As a doctor is unqualified to judge if an individual is fit for work across the diversity of industries in our society these notes and their conclusions are not binding to the employer but should be taken into heavy consideration along with industrial guidelines, health and safety etc.

It should also be noted that the adjustments noted by a doctor in these do not over rule the duties of the employer in relation to providing reasonable adjustments under the Disability Discrimination Act and these duties still apply.

- Permission of voluntary positive action by employers. This means that legally employers have the option now to employ a candidate with a “protected characteristic” over other candidates if this will allow them to overcome a disadvantage due to this characteristic or if this would result in them being employed in an area in which their characteristic is under represented.

This is not a legal requirement and is optional to employers.


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Written on Apr, 05, 2014 by in | Leave a comment

The Industrial Revolution has brought radical changes in the working place. This historical phenomenon swept much of the world, especially Europe where it started and the Americas.

One radical change it brought to the working place is the deterioration of working conditions as the number of workers or employees rose meteorically.

In this regard, the government would need to pass laws protecting the rights of workers. These protective laws paved the way for the creation of modern employment law in the United States.

What is Employment Law?

The Employment Law protects employees or workers from any kind of mistreatment on the workplace. The poor working conditions that resulted from Industrial Revolution led to the creation of laws establishing fair wages, limiting the number of working hours in a week and prohibiting child labor.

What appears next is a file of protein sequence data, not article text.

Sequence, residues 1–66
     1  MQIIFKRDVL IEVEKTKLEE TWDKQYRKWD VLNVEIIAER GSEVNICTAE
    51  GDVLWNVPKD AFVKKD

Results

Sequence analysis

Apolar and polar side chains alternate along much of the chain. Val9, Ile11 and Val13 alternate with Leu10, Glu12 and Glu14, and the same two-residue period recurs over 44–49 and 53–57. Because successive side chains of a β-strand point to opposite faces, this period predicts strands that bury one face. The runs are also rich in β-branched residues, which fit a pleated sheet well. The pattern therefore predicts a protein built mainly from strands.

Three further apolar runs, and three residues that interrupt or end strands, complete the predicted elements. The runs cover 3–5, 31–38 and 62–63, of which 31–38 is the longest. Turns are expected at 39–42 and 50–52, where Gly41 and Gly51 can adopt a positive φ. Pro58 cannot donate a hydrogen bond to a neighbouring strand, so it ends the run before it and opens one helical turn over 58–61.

Other labor related laws also include laws regulating the cleanliness of the workplace, protection of employees from any kind of hazardous accidents.

Employment Laws have been passed standardizing the provision of benefits by the employers for the employees.Employment Law includes health insurance that benefits workers if medical problems arise due to poor work condition or unsanitary workplace.

In addition, Employment Law also covers protection against discrimination in the workplace based on religion, race, gender and other factors.

Let us focus more on employment discrimination laws that protect employees from discrimination in the workplace.

The US Equal Employment Opportunity Commission (EEOC) enforces several employment discrimination laws that protect employees from compensation discrimination.

One of these laws is the Equal Pay Act of 1963. The passage of this law is milestone in labor history as it ensures that there shall be no wage discrimination based on sex in the workplace.

The Equal Pay Act

As stated above, this law requires that no wage discrimination shall take place based on gender. This law requires that men and women be given equal wage for the same work rendered in the same workplace. The jobs need not to be the same, but they must be essentially equal.

Further, the EPA states that it is not the job titles that matter in determining whether jobs are substantially equal but the job content.

Men and women alike are protected by EPA as it prohibits unequal wages to both genders that perform a job that requires substantially equal amount of work, skill and responsibility in the same workplace and same working conditions.

Pay differentials are only allowed when they are based on merit, seniority, quantity or quality of production or other factors than gender.